Hydroplane and Raceboat Museum

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Famous Miss Budweisers of the Past

By Fred Farley - Unlimited Hydroplane Historian

Over the past four decades, more than twenty boats have raced as the MISS BUDWEISER, owned by Bernie and Joe Little, at one time or another.

Some were unbeatable, some were mediocre, and some crashed in splinters. But the quest was always the same: to have a boat that represented the excellence of its corporate sponsor in a manner that reflected credit and prestige on the sport in which it was involved.

The following are the career summararies of four of the more memorable MISS BUDWEISER hydroplanes.


The world famous four-seater "Beer Wagon" was the boat that introduced Bernie Little to Unlimited racing. It wasn't the fastest boat on the circuit, but the four-seater was an instant and continuing media hit.

Astronauts, politicians, television stars, and journalists were waiting in line for a chance to "go for a ride" at 150 miles per hour. Although a publicity bonanza, the craft lacked fire in the engine room. Providing four seats meant providing extra stregth and extra weight to support it. That slowed her down.

The four-seater nevertheless made its presence felt. She finished fourth at Seattle in 1963 as TEMPO and fourth at Ogden, Utah, in 1965 as MISS BUDWEISER, in addition to winning a secondary race at Detroit in 1965 as MISS BUD.

Having won the publicity championship, owner Little and sponsor Anheuser-Busch went searching for bigger game.


The first MISS BUDWEISER to win a race was actually a last-minute addition to the team. Rushed into service in mid-season after a previous MISS BUD had crashed and been destroyed at Washington, D.C., the replacement hull ran well in its first race at Detroit in 1966.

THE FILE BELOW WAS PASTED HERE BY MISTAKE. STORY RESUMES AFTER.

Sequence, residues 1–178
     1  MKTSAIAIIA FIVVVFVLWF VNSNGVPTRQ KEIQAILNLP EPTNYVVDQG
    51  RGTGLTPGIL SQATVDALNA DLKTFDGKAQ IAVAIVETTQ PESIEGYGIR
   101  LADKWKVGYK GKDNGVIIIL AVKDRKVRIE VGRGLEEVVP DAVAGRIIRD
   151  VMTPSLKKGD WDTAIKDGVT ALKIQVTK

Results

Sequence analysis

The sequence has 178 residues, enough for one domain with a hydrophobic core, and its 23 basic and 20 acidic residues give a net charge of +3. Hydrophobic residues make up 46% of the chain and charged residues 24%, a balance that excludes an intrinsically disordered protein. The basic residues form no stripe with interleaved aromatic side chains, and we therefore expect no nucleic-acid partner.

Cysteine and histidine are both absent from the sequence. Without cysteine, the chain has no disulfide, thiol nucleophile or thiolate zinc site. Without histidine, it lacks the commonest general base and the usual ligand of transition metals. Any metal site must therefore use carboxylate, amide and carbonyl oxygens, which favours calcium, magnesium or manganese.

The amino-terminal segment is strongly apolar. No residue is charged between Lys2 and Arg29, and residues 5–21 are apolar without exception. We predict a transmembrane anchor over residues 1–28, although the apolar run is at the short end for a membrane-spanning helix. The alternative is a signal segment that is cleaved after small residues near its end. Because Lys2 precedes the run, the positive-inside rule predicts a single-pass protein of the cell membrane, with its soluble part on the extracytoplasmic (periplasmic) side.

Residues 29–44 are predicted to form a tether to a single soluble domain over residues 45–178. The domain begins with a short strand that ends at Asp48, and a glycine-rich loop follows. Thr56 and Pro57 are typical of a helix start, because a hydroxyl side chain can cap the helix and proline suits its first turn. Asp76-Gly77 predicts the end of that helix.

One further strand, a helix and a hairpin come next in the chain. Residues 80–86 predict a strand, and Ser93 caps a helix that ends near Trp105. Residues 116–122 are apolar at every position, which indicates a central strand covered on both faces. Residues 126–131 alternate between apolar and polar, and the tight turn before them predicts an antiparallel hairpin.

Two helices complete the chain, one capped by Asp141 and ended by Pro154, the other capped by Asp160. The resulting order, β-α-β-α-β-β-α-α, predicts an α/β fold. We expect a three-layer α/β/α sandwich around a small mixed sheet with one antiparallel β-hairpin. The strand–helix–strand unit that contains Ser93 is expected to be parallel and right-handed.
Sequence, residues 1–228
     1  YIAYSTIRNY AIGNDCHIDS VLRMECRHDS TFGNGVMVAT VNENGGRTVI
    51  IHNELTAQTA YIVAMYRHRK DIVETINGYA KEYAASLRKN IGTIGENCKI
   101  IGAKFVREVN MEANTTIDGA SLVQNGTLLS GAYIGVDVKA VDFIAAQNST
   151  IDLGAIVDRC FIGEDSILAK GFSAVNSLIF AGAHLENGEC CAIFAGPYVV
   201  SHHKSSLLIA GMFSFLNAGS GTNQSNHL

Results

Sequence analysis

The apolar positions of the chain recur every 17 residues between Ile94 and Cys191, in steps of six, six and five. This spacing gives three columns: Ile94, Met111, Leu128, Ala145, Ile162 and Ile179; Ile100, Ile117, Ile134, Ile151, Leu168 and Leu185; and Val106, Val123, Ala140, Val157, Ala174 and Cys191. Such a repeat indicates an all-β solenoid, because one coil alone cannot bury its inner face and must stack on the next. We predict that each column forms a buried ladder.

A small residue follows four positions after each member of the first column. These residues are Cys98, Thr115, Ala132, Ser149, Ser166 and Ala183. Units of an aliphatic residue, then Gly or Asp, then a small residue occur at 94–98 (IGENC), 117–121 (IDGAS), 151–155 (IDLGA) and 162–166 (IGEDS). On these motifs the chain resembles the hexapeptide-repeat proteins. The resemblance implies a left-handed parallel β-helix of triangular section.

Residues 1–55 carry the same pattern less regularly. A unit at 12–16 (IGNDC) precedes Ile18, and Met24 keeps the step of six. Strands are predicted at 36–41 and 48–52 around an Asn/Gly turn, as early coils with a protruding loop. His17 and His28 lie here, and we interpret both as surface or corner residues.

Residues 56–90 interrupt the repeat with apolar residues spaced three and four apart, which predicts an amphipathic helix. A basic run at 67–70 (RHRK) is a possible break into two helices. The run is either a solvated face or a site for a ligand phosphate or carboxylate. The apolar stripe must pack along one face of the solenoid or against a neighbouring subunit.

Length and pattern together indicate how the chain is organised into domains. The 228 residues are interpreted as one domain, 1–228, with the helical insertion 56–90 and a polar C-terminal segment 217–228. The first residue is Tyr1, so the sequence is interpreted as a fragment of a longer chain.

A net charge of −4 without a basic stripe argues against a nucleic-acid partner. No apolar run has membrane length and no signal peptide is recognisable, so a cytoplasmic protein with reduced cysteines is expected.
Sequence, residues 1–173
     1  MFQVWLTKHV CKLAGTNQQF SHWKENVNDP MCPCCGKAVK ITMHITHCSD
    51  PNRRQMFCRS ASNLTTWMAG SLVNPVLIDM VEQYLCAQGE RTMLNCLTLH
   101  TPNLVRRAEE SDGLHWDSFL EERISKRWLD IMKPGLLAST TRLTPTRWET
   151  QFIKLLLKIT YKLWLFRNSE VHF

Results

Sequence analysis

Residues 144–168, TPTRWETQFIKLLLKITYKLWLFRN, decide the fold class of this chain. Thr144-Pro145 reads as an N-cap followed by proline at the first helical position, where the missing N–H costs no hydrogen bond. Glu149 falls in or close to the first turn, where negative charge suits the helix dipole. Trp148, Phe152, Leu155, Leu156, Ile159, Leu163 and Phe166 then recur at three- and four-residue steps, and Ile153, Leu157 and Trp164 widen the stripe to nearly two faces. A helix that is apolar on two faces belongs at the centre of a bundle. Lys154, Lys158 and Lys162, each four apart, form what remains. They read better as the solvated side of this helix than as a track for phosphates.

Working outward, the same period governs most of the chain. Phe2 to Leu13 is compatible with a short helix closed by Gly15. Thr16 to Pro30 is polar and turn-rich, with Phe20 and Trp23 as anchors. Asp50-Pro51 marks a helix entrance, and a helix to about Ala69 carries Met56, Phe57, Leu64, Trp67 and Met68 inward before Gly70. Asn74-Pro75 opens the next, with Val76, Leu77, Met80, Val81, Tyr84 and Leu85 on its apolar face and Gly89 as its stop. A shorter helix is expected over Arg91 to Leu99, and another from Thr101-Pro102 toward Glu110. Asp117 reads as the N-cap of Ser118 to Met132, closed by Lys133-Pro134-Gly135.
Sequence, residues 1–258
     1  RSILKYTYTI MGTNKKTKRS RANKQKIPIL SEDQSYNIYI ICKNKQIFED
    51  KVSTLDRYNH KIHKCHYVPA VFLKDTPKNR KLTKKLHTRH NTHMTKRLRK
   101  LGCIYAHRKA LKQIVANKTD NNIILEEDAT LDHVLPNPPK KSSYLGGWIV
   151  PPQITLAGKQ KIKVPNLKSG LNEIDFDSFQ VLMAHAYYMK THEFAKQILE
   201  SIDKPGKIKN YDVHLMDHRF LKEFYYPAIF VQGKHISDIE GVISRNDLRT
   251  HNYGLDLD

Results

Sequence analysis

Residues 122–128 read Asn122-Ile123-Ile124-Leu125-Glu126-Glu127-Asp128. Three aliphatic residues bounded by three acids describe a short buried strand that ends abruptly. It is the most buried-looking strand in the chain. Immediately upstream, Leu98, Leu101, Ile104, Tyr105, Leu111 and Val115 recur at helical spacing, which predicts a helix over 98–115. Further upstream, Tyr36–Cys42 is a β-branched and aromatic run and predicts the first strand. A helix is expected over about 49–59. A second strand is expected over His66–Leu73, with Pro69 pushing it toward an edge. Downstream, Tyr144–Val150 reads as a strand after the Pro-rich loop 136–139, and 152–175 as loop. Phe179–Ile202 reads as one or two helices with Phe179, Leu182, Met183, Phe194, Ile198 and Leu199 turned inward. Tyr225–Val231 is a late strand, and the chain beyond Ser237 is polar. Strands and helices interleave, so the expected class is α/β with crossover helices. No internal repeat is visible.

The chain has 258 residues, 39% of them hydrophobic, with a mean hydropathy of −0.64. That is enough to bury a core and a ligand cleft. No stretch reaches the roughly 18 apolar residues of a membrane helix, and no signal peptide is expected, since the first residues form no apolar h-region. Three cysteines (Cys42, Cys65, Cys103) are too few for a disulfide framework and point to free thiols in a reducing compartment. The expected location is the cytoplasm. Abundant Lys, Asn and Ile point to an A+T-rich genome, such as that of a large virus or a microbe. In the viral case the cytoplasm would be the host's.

Then, three weeks later, it achieved victory on the Columbia River at the Tri-Cities, Washington, winning all three heats of the Atomic Cup with Bill Brow driving.

It was an emotion-charged moment for Little as he accepted his team's first of many first-place trophies. The MISS BUDWEISER people had convincingly rebounded from their Washington, D.C., tragedy...and had done so in championship fashion.

And, later in the season, Bernie, Brow, and BUD put it all together to win the San Diego Cup on Mission Bay as well.


MISS BUDWEISER, the 1968 version, proved to be the Bernie Little team's first superstar. Designed by Ed Karelsen, it raced for five years, won eleven races (including two APBA Gold Cups), and captured three straight National High Point Championships in 1969-70-71. Drivers Bill Sterett, Terry Sterett, Dean Chenoweth, and Tommy Fults all saw action behind her wheel at one time or another.

The BUDWEISER team faced one of its most difficult challenges at the Tri-Cities in 1970. The boat crashed and sank during the first heat. Driver Chenoweth escaped with minor injuries, but the National Championship appeared to be lost.

For eleven frantic days, crew chief George McKernan and his crew thrashed repairs to the battled hulk. When MISS BUDWEISER pulled into the pits on Thursday of race week in Seattle, the cheers could be heard all the way to Tacoma!

And just to prove that the work wasn't hasty, MISS BUDWEISER went on to score a heartstopper of a victory--her second straight Seafair triumph.


For 1973, owner Little bought a proven winner as his standard bearer. This latest MISS BUDWEISER bore little resemblance to her predecessors. She was wider, flatter, less box-shaped, sported a pickle-fork bow configuration, a broader afterplane, and s-p-e-e-d.

As PRIDE OF PAY 'n PAK, the Ron Jones-designed craft had been the scourge of the Unlimited Class since 1971. And when her Rolls-Royce Merlin engine was running right, no one could touch her.

The years 1973-74-75 are considered by many racing historians to be the high-water mark of the sport's piston era in terms of pure boat racing.

Of course, MISS BUDWEISER garnered her share of the glory. Drivers Dean Chenoweth, Howie Benns, and Mickey Remund accounted for ten race victories, which included the 1973 APBA Gold Cup at the Tri-Cities.

With Chenoweth driving, on August 5, 1973, MISS BUDWEISER achieved her greatest fame by defeating arch-rival PAY 'n PAK in Heat 1-C at Seattle to become the first boat to average better than 120 miles per hour in a heat of competition.

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